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GNOME

Ubuntu Gnome Remix 12.10 Arrives For Testing 175

Posted by samzenpus
from the mixing-it-up dept.
sfcrazy writes "The first ISO (alpha) images of Gnome Shell edition of Ubuntu is now available for download and testing. The Gnome edition of Ubuntu will bring back a lot of hard-core Gnome Shell fans who were looking elsewhere to get the pure Gnome Shell experience. Both Fedora and openSUSE are doing a great job at offering Gnome 3 Shell experience and the arrival of Ubuntu GNOME Remix will give the project the audience it needed."
Handhelds

Kindle Fire Is Sold Out Forever 309

Posted by timothy
from the knew-that-bezos-was-a-seller-outer dept.
An anonymous reader writes with this excerpt from geek.com: "Amazon has released a rather bizarre bit of news today. The Kindle Fire has completely sold out. You can no longer buy one, and the wording of the press release suggests there won't be any more manufactured. In nine months on sale Amazon claims to have secured 22 percent of tablet sales in the U.S.. With that in mind, Amazon will definitely be selling more Kindle Fires, however, the next one you'll be able to buy will probably have a '2' at the end of the name. Jeff Bezos said that the Kindle Fire is Amazon's most successful product launch so far and that there's 'an exciting roadmap ahead.' He also confirmed Amazon will continue to offer hardware, but there's no detail beyond that." Also covered on Slashcloud.
Android

App Developer: Android Designed For Piracy 596

Posted by Soulskill
from the i-thought-it-was-for-fighting-robots dept.
Following news this week of a game developer who turned the Android version of a game free because of piracy concerns, software developer Matt Gemmell has written a lengthy post explaining why he thinks Android apps are laboring under a broken business model. "People have to get paid. There has to be a revenue stream. You can’t reliably have that revenue stream if the platform itself and the damaged philosophy behind it actively sabotages commerce. If you want a platform to be commercially viable for third-party software developers, you have to lock it down. Just like in real life, closing the door and locking it helps make sure that your money remains yours. Bad behaviour has to be more difficult than good behaviour - and good behaviour means paying for your software." He also has some harsh arguments about some of the assumptions and philosophies underpinning the an industry built on an open platform. "Nerds like to say that people care about choice at that level. Nerds are wrong. Nerds care about choice, and nerds are such a tiny minority of people that nobody else much cares what the hell they think. Android is designed with far too much nerd philosophy, and open is gravy to those people because it’s synonymous with customization. ... Open is broken as a money-making platform model, unless you’re making the OS or the handsets. Most of us aren't doing that."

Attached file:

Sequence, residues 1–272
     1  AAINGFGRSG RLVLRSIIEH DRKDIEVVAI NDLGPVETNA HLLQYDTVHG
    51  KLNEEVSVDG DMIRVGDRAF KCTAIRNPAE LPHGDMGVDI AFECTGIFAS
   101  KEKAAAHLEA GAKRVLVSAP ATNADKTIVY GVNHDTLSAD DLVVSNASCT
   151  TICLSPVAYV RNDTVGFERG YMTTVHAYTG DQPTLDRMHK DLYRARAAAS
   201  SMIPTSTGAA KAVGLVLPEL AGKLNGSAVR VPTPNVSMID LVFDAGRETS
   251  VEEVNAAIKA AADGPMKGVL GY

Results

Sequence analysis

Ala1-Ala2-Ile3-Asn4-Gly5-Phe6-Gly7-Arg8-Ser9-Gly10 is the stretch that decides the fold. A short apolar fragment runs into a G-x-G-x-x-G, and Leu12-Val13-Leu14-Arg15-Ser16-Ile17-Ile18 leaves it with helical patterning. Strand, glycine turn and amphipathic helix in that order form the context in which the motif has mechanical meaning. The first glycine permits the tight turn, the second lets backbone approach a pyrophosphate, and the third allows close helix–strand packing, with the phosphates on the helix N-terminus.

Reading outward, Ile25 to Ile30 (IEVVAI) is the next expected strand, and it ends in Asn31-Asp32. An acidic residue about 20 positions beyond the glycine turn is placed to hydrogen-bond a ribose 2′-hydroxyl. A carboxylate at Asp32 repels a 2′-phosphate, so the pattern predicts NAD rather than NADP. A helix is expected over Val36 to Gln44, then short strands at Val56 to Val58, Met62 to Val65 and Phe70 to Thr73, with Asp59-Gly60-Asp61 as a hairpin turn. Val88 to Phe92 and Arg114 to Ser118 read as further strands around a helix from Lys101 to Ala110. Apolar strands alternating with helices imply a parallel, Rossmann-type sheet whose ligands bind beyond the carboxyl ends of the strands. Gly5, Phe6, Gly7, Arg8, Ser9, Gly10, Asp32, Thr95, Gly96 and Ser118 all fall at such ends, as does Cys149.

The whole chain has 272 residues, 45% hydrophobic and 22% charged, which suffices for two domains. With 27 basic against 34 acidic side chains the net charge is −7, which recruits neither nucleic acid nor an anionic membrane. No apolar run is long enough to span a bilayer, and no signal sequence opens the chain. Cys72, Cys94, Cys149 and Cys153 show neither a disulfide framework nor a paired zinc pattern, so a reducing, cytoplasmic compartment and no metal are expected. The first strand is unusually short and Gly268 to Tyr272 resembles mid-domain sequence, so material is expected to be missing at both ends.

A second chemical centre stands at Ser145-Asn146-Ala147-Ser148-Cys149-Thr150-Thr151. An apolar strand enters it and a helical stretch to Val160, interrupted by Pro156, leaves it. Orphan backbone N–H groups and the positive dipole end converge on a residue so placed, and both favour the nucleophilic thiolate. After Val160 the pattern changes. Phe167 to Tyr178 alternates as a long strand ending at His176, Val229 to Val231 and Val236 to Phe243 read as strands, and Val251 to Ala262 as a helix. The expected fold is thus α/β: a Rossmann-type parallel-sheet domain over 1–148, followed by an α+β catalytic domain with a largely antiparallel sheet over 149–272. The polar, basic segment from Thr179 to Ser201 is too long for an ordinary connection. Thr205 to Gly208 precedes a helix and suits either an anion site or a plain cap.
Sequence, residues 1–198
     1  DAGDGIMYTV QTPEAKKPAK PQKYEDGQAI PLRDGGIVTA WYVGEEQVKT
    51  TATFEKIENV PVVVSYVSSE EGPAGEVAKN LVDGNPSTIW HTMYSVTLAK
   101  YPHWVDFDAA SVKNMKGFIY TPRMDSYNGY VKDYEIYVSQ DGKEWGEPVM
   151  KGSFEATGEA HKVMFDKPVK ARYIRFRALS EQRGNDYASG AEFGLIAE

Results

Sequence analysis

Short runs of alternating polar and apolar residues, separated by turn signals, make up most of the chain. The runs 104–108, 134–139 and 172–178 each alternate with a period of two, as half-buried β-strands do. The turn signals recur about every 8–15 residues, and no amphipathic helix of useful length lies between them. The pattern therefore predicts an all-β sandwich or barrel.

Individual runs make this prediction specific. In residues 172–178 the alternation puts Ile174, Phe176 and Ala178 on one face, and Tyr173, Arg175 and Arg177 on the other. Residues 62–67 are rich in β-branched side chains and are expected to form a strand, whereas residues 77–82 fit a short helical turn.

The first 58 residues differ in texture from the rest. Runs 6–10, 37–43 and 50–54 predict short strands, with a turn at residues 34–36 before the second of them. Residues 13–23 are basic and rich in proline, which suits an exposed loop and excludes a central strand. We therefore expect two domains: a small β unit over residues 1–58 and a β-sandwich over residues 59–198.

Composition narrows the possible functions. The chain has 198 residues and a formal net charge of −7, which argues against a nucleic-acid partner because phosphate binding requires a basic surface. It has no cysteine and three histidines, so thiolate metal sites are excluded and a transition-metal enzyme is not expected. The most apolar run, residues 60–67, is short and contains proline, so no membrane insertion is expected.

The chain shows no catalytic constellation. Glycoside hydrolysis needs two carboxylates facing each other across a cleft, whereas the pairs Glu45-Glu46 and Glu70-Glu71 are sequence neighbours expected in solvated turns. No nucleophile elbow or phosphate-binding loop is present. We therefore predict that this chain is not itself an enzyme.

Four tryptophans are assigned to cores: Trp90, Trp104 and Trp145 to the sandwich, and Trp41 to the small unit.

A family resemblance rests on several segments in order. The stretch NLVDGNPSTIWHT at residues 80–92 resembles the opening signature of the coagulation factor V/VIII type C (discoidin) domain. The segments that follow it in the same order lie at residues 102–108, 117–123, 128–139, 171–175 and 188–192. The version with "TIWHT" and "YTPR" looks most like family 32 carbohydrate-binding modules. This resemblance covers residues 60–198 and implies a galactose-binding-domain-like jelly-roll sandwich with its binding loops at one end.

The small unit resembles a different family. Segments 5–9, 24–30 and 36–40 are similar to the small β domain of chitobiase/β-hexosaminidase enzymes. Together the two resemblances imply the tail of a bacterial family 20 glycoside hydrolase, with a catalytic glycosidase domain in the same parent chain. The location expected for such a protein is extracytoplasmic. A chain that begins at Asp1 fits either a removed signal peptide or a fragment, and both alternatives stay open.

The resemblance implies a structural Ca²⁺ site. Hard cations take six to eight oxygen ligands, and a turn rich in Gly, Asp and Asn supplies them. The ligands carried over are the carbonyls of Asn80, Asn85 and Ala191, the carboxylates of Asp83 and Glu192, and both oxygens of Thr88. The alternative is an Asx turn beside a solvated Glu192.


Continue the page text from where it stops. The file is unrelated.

Red Hat Software

Red Hat Clarifies Doubts Over UEFI Secure Boot Solution 437

Posted by Unknown Lamer
from the there-goes-freedom-one dept.